For the last few months, farmers in Bangladesh have been burning down the crops in the field. Electronic, print and social media have been flooded with the stories and images of their despair. People are wondering what exactly is happening? Bangladeshi farmers, over the last decade, are enjoying high yields, especially in rice production, yet they find themselves in a situation compelling them to burn down their own crops! In present-day Bangladesh, the agricultural inputs and labour costs are staggering, but the farmers are not offered a fair price for the yield in the market. As a result, they are facing a continuous loss of capital.
All the problems started when the corporate sector took its first leap in agriculture practice in the 1960s. The corporates brought genetically modified improved seed varieties to the country and lured the farmers to accept those by giving the hope of high yield. Corporates also started lobbying the government to device laws and policies so that their influence and control over the seed varieties and distribution gradually grows and sustains; the control which belonged to the farmers of this country from the time immemorial. Farmers enthusiasticly started using these new seeds, achieved the high yeild, and kept engaging in the business with the corporates. Even the government started supporting this trend, and to favour it, started making new seed laws so that the corporate grip over farming becomes tighter. As the farmers were no longer using the traditional seed varieties, they were gradually disappearing from the farming practice.
Even though the balance in farming was tipping, the agriculture and legal researchers were a skeptical in probing this ongoing corporatisation of the farming sector. For thousands of years, farmers in the country practised the traditional seed saving and exchanging culture. They were the traditional owners of those seeds. By using the corporate brought modern seed varieties, the intellectual property of which belonged to those companies, farmers turned themselves into their pawns, and the governments and policy makers in the country chose to remain blindfolded as if there is no consequence to this to follow! Finding themselves in the situation of the corporates’ mercy, many farmers in Bangladesh are now leaving their ancestral profession, coming to the large cities and are turning into either day labourers or rickshaw pullers.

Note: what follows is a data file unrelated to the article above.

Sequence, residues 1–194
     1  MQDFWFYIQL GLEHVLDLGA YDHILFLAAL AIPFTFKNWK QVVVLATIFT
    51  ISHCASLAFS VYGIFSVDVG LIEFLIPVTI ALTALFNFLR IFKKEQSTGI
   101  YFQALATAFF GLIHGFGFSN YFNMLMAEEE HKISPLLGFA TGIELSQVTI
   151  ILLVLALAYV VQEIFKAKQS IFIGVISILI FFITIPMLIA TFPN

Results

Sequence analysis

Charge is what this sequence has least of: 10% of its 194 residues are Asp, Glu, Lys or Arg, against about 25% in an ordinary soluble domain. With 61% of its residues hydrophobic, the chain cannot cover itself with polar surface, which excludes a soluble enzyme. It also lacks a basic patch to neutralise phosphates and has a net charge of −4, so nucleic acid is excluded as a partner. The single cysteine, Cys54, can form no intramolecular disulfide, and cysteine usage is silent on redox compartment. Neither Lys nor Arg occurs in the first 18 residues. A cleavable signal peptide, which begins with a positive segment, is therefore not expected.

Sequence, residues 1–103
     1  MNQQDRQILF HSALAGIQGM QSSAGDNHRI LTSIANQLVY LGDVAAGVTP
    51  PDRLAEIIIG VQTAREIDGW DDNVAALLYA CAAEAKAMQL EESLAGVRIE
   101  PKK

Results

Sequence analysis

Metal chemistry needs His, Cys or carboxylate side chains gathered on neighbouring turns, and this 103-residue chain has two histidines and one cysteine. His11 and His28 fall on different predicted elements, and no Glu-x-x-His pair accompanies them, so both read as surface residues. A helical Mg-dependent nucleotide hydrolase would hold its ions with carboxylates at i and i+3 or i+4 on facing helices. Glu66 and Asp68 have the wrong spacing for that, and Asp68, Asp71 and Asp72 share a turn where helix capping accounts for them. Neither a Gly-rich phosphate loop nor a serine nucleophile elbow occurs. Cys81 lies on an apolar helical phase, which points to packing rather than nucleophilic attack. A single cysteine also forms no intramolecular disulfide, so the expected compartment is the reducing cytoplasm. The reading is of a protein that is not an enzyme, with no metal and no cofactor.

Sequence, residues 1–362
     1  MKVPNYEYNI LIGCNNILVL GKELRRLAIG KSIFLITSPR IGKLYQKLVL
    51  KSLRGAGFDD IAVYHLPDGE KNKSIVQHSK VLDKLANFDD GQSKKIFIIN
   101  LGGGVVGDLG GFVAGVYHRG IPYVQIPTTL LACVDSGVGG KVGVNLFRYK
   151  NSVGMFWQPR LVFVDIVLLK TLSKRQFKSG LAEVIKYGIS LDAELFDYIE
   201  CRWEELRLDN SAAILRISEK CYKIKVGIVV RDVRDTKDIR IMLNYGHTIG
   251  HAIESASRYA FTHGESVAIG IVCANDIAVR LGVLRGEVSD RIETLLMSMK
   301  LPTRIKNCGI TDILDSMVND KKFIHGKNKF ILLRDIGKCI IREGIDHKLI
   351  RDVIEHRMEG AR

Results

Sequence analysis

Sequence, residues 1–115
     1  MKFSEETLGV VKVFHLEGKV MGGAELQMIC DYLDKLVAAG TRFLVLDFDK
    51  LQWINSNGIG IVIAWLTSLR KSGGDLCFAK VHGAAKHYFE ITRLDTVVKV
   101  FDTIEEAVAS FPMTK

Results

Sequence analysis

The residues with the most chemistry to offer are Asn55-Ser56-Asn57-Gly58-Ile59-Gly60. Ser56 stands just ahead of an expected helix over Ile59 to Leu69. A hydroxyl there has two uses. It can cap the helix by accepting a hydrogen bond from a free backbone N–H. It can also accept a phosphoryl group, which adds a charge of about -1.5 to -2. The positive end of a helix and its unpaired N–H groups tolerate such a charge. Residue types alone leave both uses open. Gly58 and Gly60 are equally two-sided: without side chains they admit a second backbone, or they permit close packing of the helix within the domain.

On the other hand, using the corporate brought seed varieties are affecting the soil quality. In poor quality soil, farmers find themselves unable to use the traditional seeds. As a result of lack of use, these traditional seeds are gradually disappearing from the market. The traditional farming innovation lessened, contributing further to the framers’ crippling situation. Moreover, the overwhelming production using modified seeds has failed to attract an adequate market price - worsening the current agony of the farmers.
Farmers’ across the globe are challenging this corporate agricultural model, which brings in such anti-farmers laws, and Bangladesh is not the exception. Bangladesh is a member of the Convention on Biological Diversity (CBD) and International Treaty on Plant Genetic Resources for Food and Agriculture (ITPGRFA) which provides for the protection of traditional knowledge in the field of agriculture.
So, what is the solution? University of Newcastle Australia researcher Professor Christoph Antons sheds light on this. He recommends that developing countries like Bangladesh, with smallholders and traditional agriculture should use the considerable freedom granted by Agreement on Trade-Related Aspects of Intellectual Property Rights (TRIPS) with creativity to develop a system suitable for their economies and local conditions.
Bangladesh, as a member of WTO, can enjoy the freedom granted by TRIPS Bangladesh can develop a unique plant variety system to protect the farmer’s rights over seeds by limiting the ecological footprints. The initial optimism is Bangladesh drafted a law titled ‘Plant Variety and Farmers’ Rights Protection Act 2016. Although the recognition of the farmers’ rights ignites hope, the law neither properly acknowledges farmers’ as breeders nor allows seeds to be registered as farmers’ varieties. To keep farmers in the agriculture, Bangladesh should make its local legislation using the TRIPS flexibilities compatible with the ITPGRFA and CBD.
The writer is Research Assistant, University of Newcastle, Australia.